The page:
Nobody would like solar and wind power generators also to turn into NPAs with the key parameters being compromised
The national vision of infrastructure services, which raises the quality of life and ease of living in India to global standards, sets the context of the recently-unveiled National Infrastructure Pipeline (NIP) for the next five years. Projects in energy, roads, railways, urban, rural and social infrastructure constitute the NIP. Of the `102 lakh crore outlay of the NIP, energy takes the lion’s share at 24 per cent of the total investment. Within the energy sector, the share of conventional power, renewable and nuclear energy is 48 per cent, 38 per cent and six per cent respectively. About 42 per cent of the projects are already under implementation whereas 19 per cent are under development and 31 per cent are in the conceptual stage. In both the latter categories, key projects are in the renewable energy sector. According to Finance Minister Nirmala Sitharaman, the Central and State Governments would have an equal share of 39 per cent each in the NIP. The private sector, on the other hand, would have a 22 per cent share, which the Government expects to increase to 30 per cent by 2025.
Elaborating on the energy sector vision 2025, the NIP Task Force envisages an increase in the total installed capacity from the present 356 GW to 619 GW. Furthermore, it expects the share of thermal power to come down from 66 per cent to 50 per cent while the share of renewables rises from 22 per cent to 39 per cent in 2025. Indeed, renewable energy’s share in consumption is envisioned to reach 19 per cent from the present nine per cent. The continued thrust on energy transition is certainly encouraging. Interestingly, unlike the conventional power sector where only six per cent of the NIP is implemented by the private sector, in the renewable energy sector, 100 per cent of implementation would be by the private sector.
Without going into the merits of the projected capacity of 619 GW in a decelerating economy at a time when the existing capacity is either severely underutilised or stressed, the private sector’s appetite to reach 241 GW in five years has to be viewed critically. Reasons for slippages in the 12th Five Year Plan outlined in India’s National Electricity Plan, 2018 include problems in acquisition of land; issues in timely completion of power evacuation systems plus capacity of the transmission system and issues in availability of adequate finances from banks and financial institutions.
In fact, even now, the challenges pertaining to land availability, transmission infrastructure/connectivity, inordinate payment delays, and discoms’ disinclination to sign Power Purchase Agreements (PPAs) for renewable energy continue to act as roadblocks to the sector’s growth. On top of it is the tendency of some discoms to renegotiate the existing PPAs because of an excessive obsession with low tariffs elsewhere, without understanding the dynamics of renewable energy technologies. All these factors ultimately have put a dampener on the sentiments of private players. The spate of tender cancellations or multiple rounds of re-bidding is a testimony to this troubling trend.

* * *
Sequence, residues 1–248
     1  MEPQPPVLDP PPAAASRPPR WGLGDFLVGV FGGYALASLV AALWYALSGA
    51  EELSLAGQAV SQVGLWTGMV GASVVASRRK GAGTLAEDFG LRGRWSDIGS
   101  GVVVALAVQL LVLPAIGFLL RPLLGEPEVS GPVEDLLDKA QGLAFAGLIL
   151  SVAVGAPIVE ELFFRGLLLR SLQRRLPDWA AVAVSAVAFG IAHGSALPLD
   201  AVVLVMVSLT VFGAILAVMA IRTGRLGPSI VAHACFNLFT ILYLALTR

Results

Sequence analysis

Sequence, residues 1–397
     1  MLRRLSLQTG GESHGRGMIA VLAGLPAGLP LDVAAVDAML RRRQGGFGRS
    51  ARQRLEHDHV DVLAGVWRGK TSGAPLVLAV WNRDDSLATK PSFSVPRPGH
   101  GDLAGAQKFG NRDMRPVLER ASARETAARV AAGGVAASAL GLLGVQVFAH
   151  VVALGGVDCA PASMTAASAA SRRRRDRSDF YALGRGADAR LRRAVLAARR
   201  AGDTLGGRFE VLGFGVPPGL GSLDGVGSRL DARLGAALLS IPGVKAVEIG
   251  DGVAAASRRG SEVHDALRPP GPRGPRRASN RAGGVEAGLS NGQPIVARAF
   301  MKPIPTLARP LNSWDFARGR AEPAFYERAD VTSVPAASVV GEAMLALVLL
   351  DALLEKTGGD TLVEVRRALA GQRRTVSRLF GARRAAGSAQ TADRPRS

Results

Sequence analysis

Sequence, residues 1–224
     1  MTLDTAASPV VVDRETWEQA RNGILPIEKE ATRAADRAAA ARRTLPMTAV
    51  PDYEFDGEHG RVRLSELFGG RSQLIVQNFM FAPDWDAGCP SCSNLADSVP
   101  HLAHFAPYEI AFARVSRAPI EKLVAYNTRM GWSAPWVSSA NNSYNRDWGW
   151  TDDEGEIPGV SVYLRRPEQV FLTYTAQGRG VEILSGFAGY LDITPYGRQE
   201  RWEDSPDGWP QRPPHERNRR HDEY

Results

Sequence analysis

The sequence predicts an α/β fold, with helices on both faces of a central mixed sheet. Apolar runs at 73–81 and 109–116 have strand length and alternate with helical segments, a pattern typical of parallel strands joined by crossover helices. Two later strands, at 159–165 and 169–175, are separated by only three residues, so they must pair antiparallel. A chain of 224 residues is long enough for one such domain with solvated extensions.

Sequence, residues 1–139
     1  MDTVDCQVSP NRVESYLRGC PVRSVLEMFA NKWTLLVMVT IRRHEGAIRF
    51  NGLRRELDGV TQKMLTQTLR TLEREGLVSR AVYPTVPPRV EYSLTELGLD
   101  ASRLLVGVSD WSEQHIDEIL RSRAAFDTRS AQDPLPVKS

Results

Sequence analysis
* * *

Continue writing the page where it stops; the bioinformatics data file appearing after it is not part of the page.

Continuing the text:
This in turn has resulted in a perception of political peril among the renewable energy industry, something that would have been unimaginable earlier. Couple it with the risk-averse approach of financial institutions on one hand and a general lack of appetite for new investments by the private sector on the other, and we have a scenario not exactly conducive to implementation of renewable energy projects.
While several Government initiatives such as reverse auctions and ultra-mega solar parks successfully catapulted this sector to commendable heights, it is time for the Government to provide another push by working proactively to remove already well-recognised bottlenecks. A consistent policy regime with long-term visibility is a prerequisite to encourage private sector investments, whether domestic or foreign. Unfortunately, even at the Central level, lack of clarity on various aspects such as applicable GST and safeguard duty did actually disrupt the pace that the industry had gathered. As electricity is a concurrent subject between the Centre and States it adds another layer of complexity. A conducive policy environment at the Centre alone is not sufficient unless it is backed by an equally supportive State-level policy framework. Discoms being the primary buyers of renewable electricity, whether from large plants or from distributed solar energy, their financial health and willingness to purchase renewable electricity play a crucial role. Curtailment from renewable energy generators, overdue payments and reluctance in adopting solar energy are not only indicators of archaic mindsets but are roadblocks. This reinforces the urgent need for reforms in the power sector — much more fundamental and structural than the ones undertaken so far, backed by strong political will. It is equally important to recognise the risks associated with unviable tariffs. No one would like solar and wind power generators also to turn into NPAs with the key parameters being compromised for the sake of artificially created tariff caps. Against this background, it would be crucial for the Centre to seize the initiative to take along the States, bringing them on board for effective delivery through the infrastructure pipeline.
(The writer is Senior Fellow and Senior Director, TERI)